Guardian, Apr. 3rd 2000, p. 8
Reports dramatic shifts in the rankings of England's 354 local authorities under the new index of local deprivation. The new rankings favour rural as opposed to urban areas. The revised index uses six indicators, income, work, health, education, housing, and access to transport and services, rather than the 12 used in the old index. Critics argue that it fails to recognise that cities have a mixed pattern of affluent areas and pockets of extreme deprivation. It also underplays factors such as crime while giving undue weight to others such as access to public transport.
Social Exclusion Unit
London: TSO, 2000
Concludes that, in order to make neighbourhood renewal more effective, people within deprived communities need to be encouraged to take up leadership roles and become 'social entrepreneurs'; local practitioners and professionals need to become better at working with each other and with local communities; and national policy makers need to understand, from personal experience, the deprived communities their policies are designed to help.
London: TSO, 2000
Report focuses on what is being done to equip those involved in neighbourhood renewal with the attitudes, skills and knowledge they need to design and deliver policies that will make an impact. Discusses how best to encourage social and civic entrepreneurs, train community leaders, professionals and practitioners and make civil servants better aware of the realities of working in poor neighbourhoods through interchange and secondment activities.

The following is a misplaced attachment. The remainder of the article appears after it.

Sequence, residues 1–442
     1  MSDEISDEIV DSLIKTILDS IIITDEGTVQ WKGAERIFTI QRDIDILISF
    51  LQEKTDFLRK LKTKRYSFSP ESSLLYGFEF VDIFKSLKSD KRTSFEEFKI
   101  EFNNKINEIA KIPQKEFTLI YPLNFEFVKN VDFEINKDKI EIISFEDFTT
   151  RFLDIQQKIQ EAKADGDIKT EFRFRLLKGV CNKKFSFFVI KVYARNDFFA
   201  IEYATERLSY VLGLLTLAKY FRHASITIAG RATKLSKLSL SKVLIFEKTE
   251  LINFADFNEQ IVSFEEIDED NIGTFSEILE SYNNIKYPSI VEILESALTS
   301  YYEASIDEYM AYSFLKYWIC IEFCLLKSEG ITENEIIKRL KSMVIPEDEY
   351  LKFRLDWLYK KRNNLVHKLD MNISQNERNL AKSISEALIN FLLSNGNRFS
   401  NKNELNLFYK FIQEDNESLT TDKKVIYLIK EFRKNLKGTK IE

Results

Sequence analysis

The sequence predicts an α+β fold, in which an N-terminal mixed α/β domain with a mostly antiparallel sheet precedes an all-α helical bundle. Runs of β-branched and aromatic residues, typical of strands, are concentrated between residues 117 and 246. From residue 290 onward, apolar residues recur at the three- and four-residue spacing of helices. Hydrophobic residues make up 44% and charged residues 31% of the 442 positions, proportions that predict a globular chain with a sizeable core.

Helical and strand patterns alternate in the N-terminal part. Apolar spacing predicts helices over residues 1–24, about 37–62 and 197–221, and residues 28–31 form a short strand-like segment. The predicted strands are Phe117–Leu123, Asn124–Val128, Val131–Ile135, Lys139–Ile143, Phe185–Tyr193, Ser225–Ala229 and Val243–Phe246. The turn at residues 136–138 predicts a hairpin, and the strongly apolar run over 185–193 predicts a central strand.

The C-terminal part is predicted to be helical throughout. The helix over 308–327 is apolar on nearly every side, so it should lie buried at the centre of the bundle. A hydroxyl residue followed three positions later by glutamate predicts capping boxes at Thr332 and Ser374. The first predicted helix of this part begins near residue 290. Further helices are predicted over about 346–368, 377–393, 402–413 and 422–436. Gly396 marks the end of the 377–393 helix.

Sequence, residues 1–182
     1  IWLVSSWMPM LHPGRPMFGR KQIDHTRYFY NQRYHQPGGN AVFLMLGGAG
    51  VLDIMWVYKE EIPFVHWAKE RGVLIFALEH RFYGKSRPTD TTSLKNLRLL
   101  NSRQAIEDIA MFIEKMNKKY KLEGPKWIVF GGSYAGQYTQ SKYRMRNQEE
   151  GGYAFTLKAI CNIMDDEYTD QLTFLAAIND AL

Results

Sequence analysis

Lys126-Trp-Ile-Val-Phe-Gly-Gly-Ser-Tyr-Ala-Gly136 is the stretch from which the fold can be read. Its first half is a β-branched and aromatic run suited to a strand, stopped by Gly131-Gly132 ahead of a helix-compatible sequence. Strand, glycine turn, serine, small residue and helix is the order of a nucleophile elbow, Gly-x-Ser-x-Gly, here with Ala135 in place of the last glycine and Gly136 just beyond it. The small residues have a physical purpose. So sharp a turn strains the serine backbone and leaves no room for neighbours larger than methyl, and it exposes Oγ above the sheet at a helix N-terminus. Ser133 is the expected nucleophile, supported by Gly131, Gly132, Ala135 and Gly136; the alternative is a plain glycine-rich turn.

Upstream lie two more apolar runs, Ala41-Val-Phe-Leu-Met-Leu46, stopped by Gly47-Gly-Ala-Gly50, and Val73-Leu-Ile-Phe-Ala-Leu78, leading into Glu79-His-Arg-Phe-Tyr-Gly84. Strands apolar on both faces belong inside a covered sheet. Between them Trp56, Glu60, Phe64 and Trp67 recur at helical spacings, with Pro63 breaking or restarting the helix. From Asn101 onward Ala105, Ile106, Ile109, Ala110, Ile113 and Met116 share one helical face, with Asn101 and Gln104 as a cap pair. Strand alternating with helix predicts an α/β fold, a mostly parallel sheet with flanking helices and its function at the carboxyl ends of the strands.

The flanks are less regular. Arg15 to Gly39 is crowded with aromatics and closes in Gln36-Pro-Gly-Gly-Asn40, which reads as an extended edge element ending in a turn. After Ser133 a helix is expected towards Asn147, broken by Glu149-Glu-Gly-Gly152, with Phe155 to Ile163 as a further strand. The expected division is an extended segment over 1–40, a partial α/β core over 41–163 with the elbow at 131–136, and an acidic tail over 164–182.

Guardian, Apr. 3rd 2000, p. 19
Analysis of available research evidence shows that poverty is concentrated in very specific areas. In channelling aid to these areas, government has attempted to by-pass local government by setting up a plethora of adhoc committees.
Axis, Feb./Mar. 2000, p. 18-19
Argues that resources are being allocated to sink estates suffering from long term under-investment and requiring a massive injection of cash to turn them around at the expense of socially stable estates where tackling the physical decay would prevent the spiral of social decline.